Sunday, March 31, 2013

Introduction to Entremets : Crème Caramel

Crème caramel is one of those desserts I always loved to order in a restaurant because the cool elegant custard-topped with an ever so slightly penetrated rich delightful caramel that dripped seemed magic to me, like it must be something very difficult to achieve in your average home kitchen. There are so many products being sold in the grocery stores, like caramel sauces, syrup or flavoring and mixes for custards and flans, I thought perhaps these products existed because the real thing from scratch might be technical or difficult for a home cook. The reality is that these products are meant to fool us into thinking we can't do it.

Caramel, like I have said many times, is a lot more simple and inexpensive than anyone might imagine. In its simplest form, caramel only has one ingredient: sugar. Here where we live, right now, sugar costs a little less than 1 euro a kilo, which would be about 60 cents a pound. When calculated, even with France being in the expensive range for foodstuffs, the price per person if they take seconds (which is to be expected in this house) is 50 centimes each. The crème caramel has only 4 ingredients, sugar, eggs, milk, and vanilla. So tie on your aprons, friends. Let’s knock out some crème caramel.

Recipe: Crème Caramel
Serves 8 elegant French ladies for a quarter (or 4 gourmands at 50 centimes each)

500 ml or 2 cups whole milk
1 tsp. vanilla
250 g or 2 1/4 cups granulated sugar
4 eggs, whole
Caramel :
50 g or 1/4 cup sugar
30 g or 1 oz. water

Heat the oven to 160C/325F and take out a roasting pan with a flat bottom into which you can fit 6 or 8 ramekins, measuring on what size you want your dessert to be. The ramekins do not have to be buttered or greased in any way. Line the bottom of the roasting pan with paper towels and place the ramekins in on top of the paper towels. This is to make sure the ramekins don’t shift or slide, splashing water when you move them from the counter to the oven and back again. Bring about a liter or quart of water to a boil and keep hot while you prepare your crèmes.

Make the custard. It’s quite simple. Bring the milk to a boil and add the vanilla off heat. Whisk the eggs and the sugar together in a separate bowl. Pour a small amount of the hot milk into the eggs to warm them, then add the remaining milk and stir to fully combine. Strain this mixture into a large measuring cup with a spout. Reserve for the 5 minutes it will take to make the caramel.

Make the caramel. Heat the sugar and water over high heat in a heavy bottomed pan until it forms a caramel. You can tell it’s getting close when it begins to turn color. Keep cooking it and watch it, looking for smoke. The perfume of caramel will come first, and when that happens, swish it around and watch it carefully for smoke. It will turn dark. When the first wisp of smoke appears, give it a quick stir, remove it quickly from the heat and pour about a tablespoon of the hot caramel directly into the bottom of each of the prepared ramekins, turning them about in your hand one by one as you fill them to spread the caramel over the entire surface of the bottom. (careful, this caramel is hot!)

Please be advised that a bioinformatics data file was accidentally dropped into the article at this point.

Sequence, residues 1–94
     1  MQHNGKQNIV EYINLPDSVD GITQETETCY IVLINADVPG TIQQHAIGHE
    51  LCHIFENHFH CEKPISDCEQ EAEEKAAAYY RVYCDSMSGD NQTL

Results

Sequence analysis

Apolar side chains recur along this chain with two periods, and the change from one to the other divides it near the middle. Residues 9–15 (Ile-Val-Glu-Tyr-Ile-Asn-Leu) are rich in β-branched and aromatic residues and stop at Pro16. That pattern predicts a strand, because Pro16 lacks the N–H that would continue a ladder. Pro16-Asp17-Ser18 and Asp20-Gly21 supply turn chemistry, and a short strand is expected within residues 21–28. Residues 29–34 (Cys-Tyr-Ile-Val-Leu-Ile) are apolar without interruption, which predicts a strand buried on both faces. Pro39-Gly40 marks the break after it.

Place the caramel lined ramekins into the bottom of the roasting pan and pour the custard mixture into them, filling enough to distribute the cream evenly between all of the ramekins. Pour the boiling water gently into the roasting pan to surround the outside of the ramekins with water,, being careful not to get any water into the ramekins themselves, until the water line goes up to about 2/3 up the outside of the ramekins. Transfer the pan gently to the oven and cook for 25 to 30 minutes. When you remove them from the oven, the custards will still be jiggly. Remove the ramekins directly from the water and allow to cool to room temperature before transferring them to the refrigerator to chill. When I have guests coming and want to offer crème caramels as part of a multi dessert offering, I will prepare these the day before their arrival, knowing that if I cover them and keep them refrigerated, they will keep for several days.

Cool in the ramekin and then unmould before serving by running a knife around the sides, then turning over into a shallow bowl or plate.


Blogger RachelD said...

Chris' absolutely favorite dessert, whether it's cloaked in that amber syrup or topped with a crisp little crust of broiled sugar. So simple, and so perfect.

I've just spent a quiet, blissful hour with the first two pages of your 2005 Thanksgiving blog, writing down the recipe for the crust of the quince/chocolate tart (AGAIN---it's somewhere, I know it is).

And I couldn't have resisted either the Charlottes or the Rosabelles---the Charlottes look exactly like the perfect little fingers we had at Easter lunch yesterday (are they yellow inside?---ours are Yukon Golds). I simply microwaved them for a bit (acquiring lazy habits as I age) and topped the plate with butter, sour cream, some melty Fontina, and several grinds of pepper.

And the Rosabelles---potato salad perfection, especially with the skins on.

12:00 AM, April 02, 2013  
Blogger Unknown said...

wow ! just wow !

12:06 PM, April 13, 2013  

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